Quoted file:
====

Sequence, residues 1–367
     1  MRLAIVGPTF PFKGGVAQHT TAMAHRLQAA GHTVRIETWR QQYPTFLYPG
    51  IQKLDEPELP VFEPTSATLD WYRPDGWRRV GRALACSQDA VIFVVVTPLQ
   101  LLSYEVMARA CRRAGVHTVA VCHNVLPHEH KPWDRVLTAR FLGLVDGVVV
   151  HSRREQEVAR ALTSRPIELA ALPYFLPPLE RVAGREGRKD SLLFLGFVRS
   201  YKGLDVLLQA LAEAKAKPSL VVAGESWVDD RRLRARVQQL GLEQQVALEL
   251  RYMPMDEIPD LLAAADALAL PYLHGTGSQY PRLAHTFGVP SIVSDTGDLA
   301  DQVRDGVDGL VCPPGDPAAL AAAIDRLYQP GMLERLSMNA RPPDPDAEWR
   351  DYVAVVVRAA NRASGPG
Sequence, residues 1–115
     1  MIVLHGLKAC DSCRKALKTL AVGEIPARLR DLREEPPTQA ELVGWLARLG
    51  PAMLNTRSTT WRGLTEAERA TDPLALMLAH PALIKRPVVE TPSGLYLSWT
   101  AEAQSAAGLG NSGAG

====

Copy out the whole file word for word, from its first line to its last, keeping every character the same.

Sequence, residues 1–367
     1  MRLAIVGPTF PFKGGVAQHT TAMAHRLQAA GHTVRIETWR QQYPTFLYPG
    51  IQKLDEPELP VFEPTSATLD WYRPDGWRRV GRALACSQDA VIFVVVTPLQ
   101  LLSYEVMARA CRRAGVHTVA VCHNVLPHEH KPWDRVLTAR FLGLVDGVVV
   151  HSRREQEVAR ALTSRPIELA ALPYFLPPLE RVAGREGRKD SLLFLGFVRS
   201  YKGLDVLLQA LAEAKAKPSL VVAGESWVDD RRLRARVQQL GLEQQVALEL
   251  RYMPMDEIPD LLAAADALAL PYLHGTGSQY PRLAHTFGVP SIVSDTGDLA
   301  DQVRDGVDGL VCPPGDPAAL AAAIDRLYQP GMLERLSMNA RPPDPDAEWR
   351  DYVAVVVRAA NRASGPG
Sequence, residues 1–115
     1  MIVLHGLKAC DSCRKALKTL AVGEIPARLR DLREEPPTQA ELVGWLARLG
    51  PAMLNTRSTT WRGLTEAERA TDPLALMLAH PALIKRPVVE TPSGLYLSWT
   101  AEAQSAAGLG NSGAG